Most people in larger companies look at the lean-startup movement and think it doesn’t apply to them (despite much of its inspiration coming from a very large company, Toyota). Well NASA ran a very successful Minimum Viable Product through the 1960’s called the Apollo program.
The Apollo program had a simple goal, put a man on the moon. Every part of the mission was dedicated to that end. So although the Saturn V rocket is the largest rocket every built it was completely disposable apart from the Command Module that returned to Earth with the astronauts. Even that was discarded once the astronauts had been recovered.
There was no attempt to design reuse for trips to other planets or reuse in the mission of space station building. They reused extensive design knowledge gained in the design of Mercury and Gemini and space missions and focussed on design simplicity and remote monitoring as opposed to onboard maitainance to resolve problems.
Most importantly, they recognized that the short duration of Apollo missions meant that the parts and sub-systems did not need to undergo the rigor of prolonged testing in the harsh environment of Space.
They wouldn’t have called it that at the time but they were engaging in lean design and adopting lean startup principles.
Minimum Viable Product: A rocket to put a man on the moon and bring him back
Reuse of standard components: Many of the sub-systems for Gemini and Mercury were carried straight across
No Over design: Design for the current mission, a short duration trip to the Moon, no a long duration flight to Mars.
Rapid Iteration: 11 Apollo missions in 8 years culminating in Apollo 11 that put a man on the moon
Failed Experiments: Apollo 1 resulted in a mission fire that killed all three astronauts, apollo
So next time someone says MVP is a the new new thing. Tell ’em about the Apollo program.
During the presentation I made an off the cuff comment about staying away from Irish outsourcing companies because they were too expensive. This comment was reported by Chris Horn which elicited someresponsesonline.
Twitter is not a good medium for debate so I thought I would clarify my comments.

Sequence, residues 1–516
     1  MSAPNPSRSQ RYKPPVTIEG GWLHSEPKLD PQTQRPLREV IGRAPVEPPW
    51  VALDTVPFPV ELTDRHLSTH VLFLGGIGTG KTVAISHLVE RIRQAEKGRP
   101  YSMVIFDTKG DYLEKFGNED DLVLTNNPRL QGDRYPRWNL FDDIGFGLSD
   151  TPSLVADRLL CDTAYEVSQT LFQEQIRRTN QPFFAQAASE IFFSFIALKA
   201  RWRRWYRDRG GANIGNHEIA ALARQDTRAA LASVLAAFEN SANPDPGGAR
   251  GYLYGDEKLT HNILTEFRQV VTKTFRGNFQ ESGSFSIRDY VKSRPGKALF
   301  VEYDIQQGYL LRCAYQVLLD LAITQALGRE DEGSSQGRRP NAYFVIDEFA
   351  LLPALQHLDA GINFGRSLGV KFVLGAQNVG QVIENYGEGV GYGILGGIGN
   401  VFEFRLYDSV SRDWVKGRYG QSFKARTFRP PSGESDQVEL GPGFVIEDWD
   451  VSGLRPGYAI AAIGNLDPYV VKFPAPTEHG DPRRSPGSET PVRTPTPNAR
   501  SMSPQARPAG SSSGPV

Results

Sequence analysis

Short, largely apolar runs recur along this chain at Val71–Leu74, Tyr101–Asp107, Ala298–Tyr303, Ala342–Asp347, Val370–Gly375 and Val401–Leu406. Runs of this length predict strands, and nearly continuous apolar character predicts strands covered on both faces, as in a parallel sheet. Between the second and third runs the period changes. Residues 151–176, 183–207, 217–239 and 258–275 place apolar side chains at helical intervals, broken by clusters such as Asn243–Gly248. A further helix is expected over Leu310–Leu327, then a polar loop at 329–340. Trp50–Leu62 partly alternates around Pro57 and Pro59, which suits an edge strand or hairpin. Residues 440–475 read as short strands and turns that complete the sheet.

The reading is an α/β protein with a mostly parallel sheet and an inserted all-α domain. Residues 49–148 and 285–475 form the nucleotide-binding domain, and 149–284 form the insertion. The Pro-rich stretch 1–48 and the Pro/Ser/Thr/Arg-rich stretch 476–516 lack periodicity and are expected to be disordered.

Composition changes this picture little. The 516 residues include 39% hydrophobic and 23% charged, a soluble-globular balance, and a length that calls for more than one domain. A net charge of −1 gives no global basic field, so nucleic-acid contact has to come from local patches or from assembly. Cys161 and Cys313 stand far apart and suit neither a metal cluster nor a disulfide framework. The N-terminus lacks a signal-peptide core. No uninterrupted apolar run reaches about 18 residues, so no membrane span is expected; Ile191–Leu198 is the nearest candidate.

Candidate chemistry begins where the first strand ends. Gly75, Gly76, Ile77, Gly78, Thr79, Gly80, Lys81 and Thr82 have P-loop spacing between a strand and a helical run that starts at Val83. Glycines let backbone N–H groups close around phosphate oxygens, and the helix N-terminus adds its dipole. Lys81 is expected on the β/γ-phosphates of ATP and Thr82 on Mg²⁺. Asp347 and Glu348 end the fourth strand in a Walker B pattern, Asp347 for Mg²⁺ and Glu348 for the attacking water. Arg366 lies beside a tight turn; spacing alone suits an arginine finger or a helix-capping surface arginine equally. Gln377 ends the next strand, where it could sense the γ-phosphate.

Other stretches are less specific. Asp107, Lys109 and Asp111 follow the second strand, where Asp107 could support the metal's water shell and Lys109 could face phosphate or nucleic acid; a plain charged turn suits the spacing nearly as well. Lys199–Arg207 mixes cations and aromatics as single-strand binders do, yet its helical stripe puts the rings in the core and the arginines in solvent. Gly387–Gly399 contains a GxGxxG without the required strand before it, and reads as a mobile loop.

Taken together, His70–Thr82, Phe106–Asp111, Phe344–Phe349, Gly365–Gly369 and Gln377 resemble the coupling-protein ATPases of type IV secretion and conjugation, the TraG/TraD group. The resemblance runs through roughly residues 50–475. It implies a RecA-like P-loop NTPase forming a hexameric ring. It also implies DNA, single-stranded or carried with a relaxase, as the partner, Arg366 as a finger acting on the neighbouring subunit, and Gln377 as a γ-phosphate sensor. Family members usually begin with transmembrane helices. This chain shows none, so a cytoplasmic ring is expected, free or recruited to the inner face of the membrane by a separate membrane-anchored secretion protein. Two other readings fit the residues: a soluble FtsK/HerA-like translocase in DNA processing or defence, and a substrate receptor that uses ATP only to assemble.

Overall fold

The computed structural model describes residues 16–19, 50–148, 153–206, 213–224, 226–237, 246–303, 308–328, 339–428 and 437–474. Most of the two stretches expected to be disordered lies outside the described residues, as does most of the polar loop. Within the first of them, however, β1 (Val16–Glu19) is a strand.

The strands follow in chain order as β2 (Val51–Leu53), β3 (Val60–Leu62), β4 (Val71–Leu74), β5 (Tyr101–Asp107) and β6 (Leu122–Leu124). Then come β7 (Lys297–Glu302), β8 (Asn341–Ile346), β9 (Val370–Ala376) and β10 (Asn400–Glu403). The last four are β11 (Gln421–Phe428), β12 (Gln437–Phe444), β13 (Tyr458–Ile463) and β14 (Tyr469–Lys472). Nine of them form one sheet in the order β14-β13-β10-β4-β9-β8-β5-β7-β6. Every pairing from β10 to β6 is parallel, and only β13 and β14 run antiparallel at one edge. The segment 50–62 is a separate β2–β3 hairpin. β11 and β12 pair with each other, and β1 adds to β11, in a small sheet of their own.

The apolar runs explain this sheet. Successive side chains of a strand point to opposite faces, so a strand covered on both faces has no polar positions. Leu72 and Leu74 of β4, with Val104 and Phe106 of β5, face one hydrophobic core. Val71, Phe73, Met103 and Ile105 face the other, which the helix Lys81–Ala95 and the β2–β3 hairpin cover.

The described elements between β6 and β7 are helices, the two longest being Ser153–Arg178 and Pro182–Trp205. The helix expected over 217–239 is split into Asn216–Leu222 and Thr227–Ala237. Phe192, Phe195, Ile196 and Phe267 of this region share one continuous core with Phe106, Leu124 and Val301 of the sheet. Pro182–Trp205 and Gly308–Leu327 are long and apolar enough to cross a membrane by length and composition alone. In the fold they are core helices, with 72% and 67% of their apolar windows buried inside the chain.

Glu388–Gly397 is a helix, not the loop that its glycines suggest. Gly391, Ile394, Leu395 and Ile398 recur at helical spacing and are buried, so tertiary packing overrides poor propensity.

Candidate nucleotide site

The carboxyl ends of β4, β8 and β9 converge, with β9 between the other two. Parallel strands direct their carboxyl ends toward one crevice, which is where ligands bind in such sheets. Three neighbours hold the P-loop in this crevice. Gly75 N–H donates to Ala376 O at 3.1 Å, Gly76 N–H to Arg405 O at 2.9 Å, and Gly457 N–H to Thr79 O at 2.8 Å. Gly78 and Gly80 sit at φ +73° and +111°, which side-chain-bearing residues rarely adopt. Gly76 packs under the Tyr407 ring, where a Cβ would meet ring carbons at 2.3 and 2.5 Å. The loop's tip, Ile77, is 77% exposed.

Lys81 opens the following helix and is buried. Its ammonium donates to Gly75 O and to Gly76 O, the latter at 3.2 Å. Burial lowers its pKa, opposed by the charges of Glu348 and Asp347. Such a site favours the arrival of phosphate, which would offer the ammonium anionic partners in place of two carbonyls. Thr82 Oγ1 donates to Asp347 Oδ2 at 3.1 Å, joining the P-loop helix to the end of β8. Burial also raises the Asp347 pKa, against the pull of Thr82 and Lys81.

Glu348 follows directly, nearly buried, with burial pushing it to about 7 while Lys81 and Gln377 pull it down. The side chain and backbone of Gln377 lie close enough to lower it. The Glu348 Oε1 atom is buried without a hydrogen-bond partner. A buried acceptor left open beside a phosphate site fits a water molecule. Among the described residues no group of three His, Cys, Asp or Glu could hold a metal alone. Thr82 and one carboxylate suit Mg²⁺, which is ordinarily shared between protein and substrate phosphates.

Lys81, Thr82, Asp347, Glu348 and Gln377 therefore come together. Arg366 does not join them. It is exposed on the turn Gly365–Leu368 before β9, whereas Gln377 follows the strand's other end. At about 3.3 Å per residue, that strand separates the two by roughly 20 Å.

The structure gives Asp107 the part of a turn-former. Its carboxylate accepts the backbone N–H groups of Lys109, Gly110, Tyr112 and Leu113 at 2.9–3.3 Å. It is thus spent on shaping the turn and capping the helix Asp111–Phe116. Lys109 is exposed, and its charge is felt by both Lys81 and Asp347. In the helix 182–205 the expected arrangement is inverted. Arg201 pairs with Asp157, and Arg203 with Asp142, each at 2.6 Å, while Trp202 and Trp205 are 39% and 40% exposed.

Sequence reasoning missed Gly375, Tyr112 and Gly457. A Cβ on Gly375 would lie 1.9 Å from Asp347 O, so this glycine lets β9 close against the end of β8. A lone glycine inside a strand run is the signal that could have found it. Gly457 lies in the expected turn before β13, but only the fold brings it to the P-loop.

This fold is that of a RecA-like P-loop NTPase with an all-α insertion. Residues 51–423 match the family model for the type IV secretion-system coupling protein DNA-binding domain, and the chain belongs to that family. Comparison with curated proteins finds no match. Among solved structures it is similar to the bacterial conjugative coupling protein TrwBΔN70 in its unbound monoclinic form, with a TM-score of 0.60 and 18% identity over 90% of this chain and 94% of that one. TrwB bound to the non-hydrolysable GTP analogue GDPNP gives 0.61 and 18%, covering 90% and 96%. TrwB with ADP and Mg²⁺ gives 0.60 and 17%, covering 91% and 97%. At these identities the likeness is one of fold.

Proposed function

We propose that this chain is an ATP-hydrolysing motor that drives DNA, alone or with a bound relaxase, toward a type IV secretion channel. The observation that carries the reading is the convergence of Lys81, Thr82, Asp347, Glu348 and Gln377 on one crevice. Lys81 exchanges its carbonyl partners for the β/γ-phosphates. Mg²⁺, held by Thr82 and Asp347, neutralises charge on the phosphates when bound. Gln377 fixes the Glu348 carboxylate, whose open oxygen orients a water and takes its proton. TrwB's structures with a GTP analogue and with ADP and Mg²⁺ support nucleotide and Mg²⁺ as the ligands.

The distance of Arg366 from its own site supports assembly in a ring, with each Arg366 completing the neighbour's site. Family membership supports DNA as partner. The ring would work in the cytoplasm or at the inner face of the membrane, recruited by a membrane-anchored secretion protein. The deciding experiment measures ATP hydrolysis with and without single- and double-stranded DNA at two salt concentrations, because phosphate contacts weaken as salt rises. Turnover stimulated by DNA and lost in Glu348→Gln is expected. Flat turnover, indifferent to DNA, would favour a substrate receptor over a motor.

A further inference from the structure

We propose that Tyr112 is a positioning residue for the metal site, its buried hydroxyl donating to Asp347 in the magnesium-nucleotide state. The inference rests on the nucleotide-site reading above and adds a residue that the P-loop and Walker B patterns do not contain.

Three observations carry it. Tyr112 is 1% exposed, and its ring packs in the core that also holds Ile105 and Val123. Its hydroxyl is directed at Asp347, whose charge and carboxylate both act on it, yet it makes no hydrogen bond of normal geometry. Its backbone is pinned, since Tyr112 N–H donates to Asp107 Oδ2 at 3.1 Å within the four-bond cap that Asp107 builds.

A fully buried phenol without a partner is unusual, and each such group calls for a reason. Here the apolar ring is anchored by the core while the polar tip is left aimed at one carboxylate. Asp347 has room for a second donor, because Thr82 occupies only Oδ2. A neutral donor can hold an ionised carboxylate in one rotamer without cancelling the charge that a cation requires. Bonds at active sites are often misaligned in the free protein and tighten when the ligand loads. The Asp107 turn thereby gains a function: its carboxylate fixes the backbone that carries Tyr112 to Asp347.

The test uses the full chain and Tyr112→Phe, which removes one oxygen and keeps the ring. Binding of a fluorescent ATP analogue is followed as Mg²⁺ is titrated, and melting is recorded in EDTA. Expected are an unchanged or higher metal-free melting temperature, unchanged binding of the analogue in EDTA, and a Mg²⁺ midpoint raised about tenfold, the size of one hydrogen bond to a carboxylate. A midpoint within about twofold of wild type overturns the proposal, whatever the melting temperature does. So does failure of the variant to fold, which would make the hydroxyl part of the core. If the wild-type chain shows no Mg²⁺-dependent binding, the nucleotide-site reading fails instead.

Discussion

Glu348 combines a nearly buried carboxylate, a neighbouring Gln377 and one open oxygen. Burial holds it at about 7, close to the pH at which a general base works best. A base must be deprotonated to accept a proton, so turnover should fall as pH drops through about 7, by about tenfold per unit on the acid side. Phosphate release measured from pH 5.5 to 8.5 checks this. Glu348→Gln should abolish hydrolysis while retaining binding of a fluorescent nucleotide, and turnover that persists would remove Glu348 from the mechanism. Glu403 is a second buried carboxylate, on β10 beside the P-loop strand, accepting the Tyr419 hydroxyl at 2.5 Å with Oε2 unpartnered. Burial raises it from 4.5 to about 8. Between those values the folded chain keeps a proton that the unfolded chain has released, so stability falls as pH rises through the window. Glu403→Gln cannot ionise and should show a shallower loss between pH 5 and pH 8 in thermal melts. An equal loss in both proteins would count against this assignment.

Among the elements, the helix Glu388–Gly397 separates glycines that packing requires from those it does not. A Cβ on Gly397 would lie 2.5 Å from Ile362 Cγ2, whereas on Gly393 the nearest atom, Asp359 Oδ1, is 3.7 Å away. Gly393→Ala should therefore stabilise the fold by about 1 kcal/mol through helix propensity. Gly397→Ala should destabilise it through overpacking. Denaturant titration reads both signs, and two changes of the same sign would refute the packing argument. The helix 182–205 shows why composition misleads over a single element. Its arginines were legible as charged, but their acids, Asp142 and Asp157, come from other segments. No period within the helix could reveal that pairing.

Irish web design/dev shops are more expensive than overseas suppliers and they all seem to get business, so more power to them. This is free market economics at its best.
Overseas is not just India/China. You can find good, low cost developers much closer to home within two or three timezones of Ireland
The tech requirements for the audience at The French Chamber of Commerce (primarily SMEs and mostly non tech sector) is limited in scope and doesn’t require high powered (i.e. expensive) design skills or code cutting capability
If you are building genuinely novel software for a new or emerging market using agile techniques then there is some argument for going local because proximity to your development team is a key requirement.
However even in those projects a significant amount of “grunt” work is required (building wordpress themes, connecting payment engines, porting software to different platforms etc.). This work is an ideal candidate for outsourcing and Odesk and Elance do an excellent job of providing a marketplace for lowering the cost of these activities.
As for design work, well I will never ever source startup logos from anywhere other than 99designs.com, end of.
This event is an intense 54-hour event that brings together people with great ideas for web or mobile apps together to develop them from concepts to operational, launch-ready systems over the weekend.
We’re seeking a good mix of developers, designers, bus dev, marketers, and all round innovators, to make this event bigger and better than the last one.
The last event resulted in the incorporation of 3 start-up companies, all still working to develop their products, and everyone who took part (whether they went on to start-up or not) spoke of the value of the weekend.